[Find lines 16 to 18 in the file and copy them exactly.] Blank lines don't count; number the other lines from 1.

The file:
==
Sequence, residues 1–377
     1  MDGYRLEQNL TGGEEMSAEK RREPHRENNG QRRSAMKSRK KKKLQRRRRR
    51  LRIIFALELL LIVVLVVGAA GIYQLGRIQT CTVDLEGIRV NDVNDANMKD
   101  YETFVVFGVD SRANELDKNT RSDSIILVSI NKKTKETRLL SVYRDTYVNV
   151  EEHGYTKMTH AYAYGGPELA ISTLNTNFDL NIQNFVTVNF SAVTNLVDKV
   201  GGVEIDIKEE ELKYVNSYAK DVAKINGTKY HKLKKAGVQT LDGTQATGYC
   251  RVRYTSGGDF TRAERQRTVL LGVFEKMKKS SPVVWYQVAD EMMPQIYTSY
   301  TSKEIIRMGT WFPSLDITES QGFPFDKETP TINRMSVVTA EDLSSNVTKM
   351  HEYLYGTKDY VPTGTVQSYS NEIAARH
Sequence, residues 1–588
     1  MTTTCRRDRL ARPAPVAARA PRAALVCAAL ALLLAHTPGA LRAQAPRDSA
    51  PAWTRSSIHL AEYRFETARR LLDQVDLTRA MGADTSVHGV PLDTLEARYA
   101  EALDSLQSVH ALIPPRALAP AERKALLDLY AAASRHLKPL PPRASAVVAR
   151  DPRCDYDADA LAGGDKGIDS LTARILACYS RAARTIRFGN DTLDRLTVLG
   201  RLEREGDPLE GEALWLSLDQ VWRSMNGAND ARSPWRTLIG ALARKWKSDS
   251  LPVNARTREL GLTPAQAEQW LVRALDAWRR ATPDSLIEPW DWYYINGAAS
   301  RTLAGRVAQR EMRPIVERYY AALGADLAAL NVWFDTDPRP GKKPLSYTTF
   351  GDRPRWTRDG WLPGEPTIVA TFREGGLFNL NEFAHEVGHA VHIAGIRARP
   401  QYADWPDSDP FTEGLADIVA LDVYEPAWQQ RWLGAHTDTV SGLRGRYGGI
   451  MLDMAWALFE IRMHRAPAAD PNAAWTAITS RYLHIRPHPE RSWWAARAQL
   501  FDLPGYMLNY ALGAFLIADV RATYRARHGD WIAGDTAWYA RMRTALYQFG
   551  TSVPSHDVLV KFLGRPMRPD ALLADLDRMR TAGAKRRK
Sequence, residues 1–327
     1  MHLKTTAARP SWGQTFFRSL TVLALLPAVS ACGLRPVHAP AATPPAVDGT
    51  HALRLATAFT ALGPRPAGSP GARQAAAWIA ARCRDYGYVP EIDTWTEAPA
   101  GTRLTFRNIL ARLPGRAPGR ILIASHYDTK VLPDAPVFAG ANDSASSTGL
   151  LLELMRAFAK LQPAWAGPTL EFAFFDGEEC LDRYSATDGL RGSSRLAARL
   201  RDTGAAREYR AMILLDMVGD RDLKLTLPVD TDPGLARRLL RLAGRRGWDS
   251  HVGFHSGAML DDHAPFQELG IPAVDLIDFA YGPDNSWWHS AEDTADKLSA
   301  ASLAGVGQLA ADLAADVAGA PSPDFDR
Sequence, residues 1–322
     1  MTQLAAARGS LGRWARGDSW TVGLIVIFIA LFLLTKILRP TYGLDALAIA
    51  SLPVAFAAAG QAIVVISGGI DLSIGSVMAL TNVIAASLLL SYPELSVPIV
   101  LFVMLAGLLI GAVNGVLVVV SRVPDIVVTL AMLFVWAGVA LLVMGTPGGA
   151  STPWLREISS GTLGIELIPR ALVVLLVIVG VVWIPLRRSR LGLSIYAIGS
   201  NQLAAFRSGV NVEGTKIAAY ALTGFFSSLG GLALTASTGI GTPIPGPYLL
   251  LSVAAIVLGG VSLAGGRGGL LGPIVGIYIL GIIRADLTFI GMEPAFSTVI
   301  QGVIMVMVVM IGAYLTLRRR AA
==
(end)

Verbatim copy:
   251  LPVNARTREL GLTPAQAEQW LVRALDAWRR ATPDSLIEPW DWYYINGAAS
   301  RTLAGRVAQR EMRPIVERYY AALGADLAAL NVWFDTDPRP GKKPLSYTTF
   351  GDRPRWTRDG WLPGEPTIVA TFREGGLFNL NEFAHEVGHA VHIAGIRARP